WEST GARDINER — With all due respect to 67-year-old Maine Motorsports Hall of Fame member Mike Rowe, who won again in Beech Ridge Motor Speedway’s premier division, the future of stock car racing in the state was on display last weekend at area race tracks.

While Hayden Norris of West Gardiner was winning his fourth straight New England 4-Cylinder Pro Stock feature to open the season at Wiscasset Speedway, Gray’s Austin Teras captured his first Super Late Model win at historic Oxford Plains Speedway.

Both drivers are just 15 years old, and both come from diverse motorsports backgrounds.

“It’s been pretty surprising, from the beginning of last season and the way we ended, it was all pretty rough,” Norris said. “To come into this season and be as strong as we are, it feels pretty good.”

Teras, too, admitted he’s ahead of where he thought he’d be in his first full season in a full-sized car.

“I never thought I would win in my first year,” said Teras, who is the son of longtime car owner Jay Cushman, owner of Cushman Competition. “It feels great. Way back the (NASCAR Xfinity Series) raced there (at Oxford), there were a lot of big names from the 1990s and 2000s. My dad had a car that raced there, the (Pro All Stars Series) guys from all around here, and to add my name to that list feels great.”


After a season littered with more valleys than peaks in 2017, Norris won on opening day at Wiscasset Speedway — his first win at the track — and hasn’t slowed since.

The son of Gary Norris Jr., who raced at Wiscasset and Unity Raceway as well as on the defunct PASS Outlaw Series during his own career, Hayden Norris began his racing career not on ovals but on motocross courses as a five-year-old. That turned the Gardiner Area High School freshman onto speed, which eventually blossomed into a passion for stock cars.

“When I was about 3 years old, I started helping my dad out with his car. One of my most memorable moments, I was in the pits and they found me sleeping in my father’s race suit on the trailer floor. I think I was still in diapers at that point,” Norris said. “I always had a headset because I liked to listen (during the races). I don’t remember what was happening, but I came over the radio and told Dad, ‘Just dump him!'”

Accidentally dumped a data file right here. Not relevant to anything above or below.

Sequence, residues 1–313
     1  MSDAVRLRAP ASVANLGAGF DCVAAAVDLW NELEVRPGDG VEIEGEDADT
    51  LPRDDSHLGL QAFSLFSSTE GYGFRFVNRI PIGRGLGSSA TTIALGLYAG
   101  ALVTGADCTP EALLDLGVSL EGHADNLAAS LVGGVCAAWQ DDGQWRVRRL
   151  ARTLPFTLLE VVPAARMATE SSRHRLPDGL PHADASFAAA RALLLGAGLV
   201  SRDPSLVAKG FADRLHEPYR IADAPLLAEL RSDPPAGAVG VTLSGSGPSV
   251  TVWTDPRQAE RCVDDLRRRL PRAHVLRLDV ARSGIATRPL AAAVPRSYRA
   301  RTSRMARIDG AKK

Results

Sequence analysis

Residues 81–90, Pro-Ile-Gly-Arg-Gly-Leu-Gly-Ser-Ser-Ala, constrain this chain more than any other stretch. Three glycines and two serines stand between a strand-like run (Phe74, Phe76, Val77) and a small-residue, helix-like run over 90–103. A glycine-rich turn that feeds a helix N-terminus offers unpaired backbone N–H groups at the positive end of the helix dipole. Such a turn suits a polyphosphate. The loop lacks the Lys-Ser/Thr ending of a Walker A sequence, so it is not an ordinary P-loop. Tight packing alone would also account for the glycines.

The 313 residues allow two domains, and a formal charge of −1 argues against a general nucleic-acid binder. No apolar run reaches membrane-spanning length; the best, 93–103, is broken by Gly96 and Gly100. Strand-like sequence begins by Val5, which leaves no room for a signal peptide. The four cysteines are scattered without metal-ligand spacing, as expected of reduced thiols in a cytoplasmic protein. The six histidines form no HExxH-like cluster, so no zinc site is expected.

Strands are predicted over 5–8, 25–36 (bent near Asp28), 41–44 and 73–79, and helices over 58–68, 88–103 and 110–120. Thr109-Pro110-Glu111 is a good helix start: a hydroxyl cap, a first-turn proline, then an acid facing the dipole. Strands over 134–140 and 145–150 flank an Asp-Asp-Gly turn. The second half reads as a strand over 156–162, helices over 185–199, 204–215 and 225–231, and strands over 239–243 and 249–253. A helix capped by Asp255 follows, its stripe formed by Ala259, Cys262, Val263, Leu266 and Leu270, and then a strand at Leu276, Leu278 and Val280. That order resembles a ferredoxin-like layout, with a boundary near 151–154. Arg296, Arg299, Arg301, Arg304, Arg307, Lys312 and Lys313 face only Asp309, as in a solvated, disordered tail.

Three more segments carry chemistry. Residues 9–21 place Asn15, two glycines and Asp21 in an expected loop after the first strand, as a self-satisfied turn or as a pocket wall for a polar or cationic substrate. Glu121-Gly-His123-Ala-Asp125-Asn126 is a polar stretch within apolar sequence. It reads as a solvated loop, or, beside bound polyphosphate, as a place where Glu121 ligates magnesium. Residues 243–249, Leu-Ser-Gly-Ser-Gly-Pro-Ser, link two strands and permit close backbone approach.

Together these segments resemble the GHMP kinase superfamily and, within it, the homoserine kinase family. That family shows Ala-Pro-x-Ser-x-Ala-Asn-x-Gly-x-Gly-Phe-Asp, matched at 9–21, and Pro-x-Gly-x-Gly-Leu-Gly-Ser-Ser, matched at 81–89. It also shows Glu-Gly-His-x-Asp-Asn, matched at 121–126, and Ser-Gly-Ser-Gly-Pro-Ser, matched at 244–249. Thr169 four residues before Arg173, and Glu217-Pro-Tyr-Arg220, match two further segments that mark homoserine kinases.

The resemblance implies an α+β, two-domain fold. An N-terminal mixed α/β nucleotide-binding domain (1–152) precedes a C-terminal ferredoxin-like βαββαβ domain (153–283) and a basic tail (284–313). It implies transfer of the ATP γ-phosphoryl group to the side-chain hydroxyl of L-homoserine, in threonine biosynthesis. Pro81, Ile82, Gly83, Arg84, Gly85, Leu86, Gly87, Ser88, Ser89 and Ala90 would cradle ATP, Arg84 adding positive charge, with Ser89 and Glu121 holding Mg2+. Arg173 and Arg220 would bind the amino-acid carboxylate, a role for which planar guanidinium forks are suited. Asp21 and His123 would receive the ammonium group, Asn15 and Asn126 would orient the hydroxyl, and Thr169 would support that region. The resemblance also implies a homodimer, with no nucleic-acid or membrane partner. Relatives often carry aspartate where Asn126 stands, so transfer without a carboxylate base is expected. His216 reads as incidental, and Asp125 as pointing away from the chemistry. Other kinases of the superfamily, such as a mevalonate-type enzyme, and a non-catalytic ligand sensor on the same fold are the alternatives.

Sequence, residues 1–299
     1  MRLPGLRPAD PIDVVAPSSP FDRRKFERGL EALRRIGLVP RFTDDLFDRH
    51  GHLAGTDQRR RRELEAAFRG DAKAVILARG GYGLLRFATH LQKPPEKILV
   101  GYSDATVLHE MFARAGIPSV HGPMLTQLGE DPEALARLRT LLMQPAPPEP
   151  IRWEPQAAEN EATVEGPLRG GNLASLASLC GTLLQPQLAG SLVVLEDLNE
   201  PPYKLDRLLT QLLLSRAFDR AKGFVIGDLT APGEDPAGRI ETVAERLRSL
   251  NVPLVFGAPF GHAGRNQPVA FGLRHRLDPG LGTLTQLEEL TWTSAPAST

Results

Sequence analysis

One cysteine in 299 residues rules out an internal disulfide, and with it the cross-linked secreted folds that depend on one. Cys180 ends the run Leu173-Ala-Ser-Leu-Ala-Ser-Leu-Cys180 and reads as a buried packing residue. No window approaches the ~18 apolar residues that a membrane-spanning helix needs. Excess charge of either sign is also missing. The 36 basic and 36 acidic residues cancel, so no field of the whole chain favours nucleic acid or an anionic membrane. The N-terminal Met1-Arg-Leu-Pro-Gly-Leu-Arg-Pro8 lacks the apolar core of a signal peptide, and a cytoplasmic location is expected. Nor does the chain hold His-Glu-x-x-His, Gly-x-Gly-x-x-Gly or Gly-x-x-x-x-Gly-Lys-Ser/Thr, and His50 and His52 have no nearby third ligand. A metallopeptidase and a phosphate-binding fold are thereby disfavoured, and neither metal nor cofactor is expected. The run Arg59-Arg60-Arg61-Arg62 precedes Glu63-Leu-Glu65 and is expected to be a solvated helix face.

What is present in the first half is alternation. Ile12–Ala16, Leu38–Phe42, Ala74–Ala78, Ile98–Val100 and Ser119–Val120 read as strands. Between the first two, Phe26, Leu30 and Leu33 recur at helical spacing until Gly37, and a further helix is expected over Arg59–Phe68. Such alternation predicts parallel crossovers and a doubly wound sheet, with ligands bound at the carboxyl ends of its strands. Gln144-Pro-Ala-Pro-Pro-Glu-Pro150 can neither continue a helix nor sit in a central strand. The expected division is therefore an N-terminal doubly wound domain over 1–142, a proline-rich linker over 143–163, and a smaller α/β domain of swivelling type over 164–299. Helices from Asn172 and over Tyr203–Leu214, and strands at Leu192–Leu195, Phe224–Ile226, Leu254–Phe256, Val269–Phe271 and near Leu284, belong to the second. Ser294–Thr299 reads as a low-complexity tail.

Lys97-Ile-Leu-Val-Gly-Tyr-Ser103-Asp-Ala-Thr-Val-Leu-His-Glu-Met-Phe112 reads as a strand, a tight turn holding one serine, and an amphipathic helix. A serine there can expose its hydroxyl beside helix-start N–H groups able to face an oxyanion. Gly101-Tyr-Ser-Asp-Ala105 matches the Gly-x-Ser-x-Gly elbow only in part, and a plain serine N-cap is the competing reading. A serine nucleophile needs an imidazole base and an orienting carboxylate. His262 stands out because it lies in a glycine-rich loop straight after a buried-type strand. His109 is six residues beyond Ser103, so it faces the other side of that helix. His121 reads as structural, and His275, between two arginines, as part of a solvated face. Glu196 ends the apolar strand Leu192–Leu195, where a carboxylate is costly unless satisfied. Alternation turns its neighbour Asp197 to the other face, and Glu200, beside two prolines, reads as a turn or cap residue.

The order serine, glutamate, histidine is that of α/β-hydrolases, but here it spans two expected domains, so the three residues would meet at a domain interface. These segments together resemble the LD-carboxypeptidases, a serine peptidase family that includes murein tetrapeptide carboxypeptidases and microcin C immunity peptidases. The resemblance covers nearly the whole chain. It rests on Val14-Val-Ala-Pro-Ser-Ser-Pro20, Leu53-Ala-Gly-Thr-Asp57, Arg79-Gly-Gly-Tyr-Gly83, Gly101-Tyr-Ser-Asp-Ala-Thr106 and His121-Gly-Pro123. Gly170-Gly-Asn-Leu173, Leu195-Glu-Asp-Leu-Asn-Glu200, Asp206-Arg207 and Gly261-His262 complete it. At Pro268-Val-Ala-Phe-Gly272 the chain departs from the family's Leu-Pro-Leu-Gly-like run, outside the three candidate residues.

Ironically, Norris said he’s learned patience in his own racing career.

“I’ve learned a lot of patience since last season,” Norris said. “I’ve paid more attention to how others are racing, waiting for them to make mistakes and not making my own first.”

Staff photo by Joe Phelan Legends cars driven by Casey Call, left, Noah Korner, center, and Austin Teras race at Wiscasset Speedway earlier this season. Teras won the Super Late Model feature at Oxford Plains Speedway last weekend.

Teras started out his career in go-karts, on asphalt and on dirt, racing as far south as Daytona Beach, Florida, during his elementary school days. More recently, he’s focused on Legend cars, even making the trip last year to Las Vegas for the Legend cars’ World Finals.


The sophomore at Gray-New Gloucester High School is a multi-time race winner at Oxford in Legends, where he also has a track championship in that division. Those cars, however, are not Super Late Models — the top weekly division at Beech Ridge, Oxford Plains and Wiscasset.

“The Legends are pretty difficult to drive. They have no tire and a lot of horsepower,” Teras said. “They’re similar to the Super Late Model on old tires, like at the end of a PASS race, but a Super Late Model on fresh tires is a lot more relaxed and laid-back.

“It’s just going on a lot faster around you.”

So far, so good. Teras is certainly keeping pace with the rest of Oxford’s drivers.

To earn his first win, he beat 2002 Oxford 250 victor Scott Robbins and four-time track champion Tim Brackett to the checkered flag.

Teras has grown up working on race cars in his father’s shop, and he thinks that’s helped him accelerate his learning curve.


“I know that being in the shop working on the race cars every day, you don’t just go out on the race track and go to the crew chief and say, ‘Hey, it doesn’t turn. Can you fix it?'” Teras said. “We talk about it, we discuss changes and we all have our own opinions. We compromise and we go from there.”

Judging from the start of the 2018 season, the youth movement will be going forward from here on out.

Travis Barrett — 621-5621

[email protected]

Twitter: @TBarrettGWC

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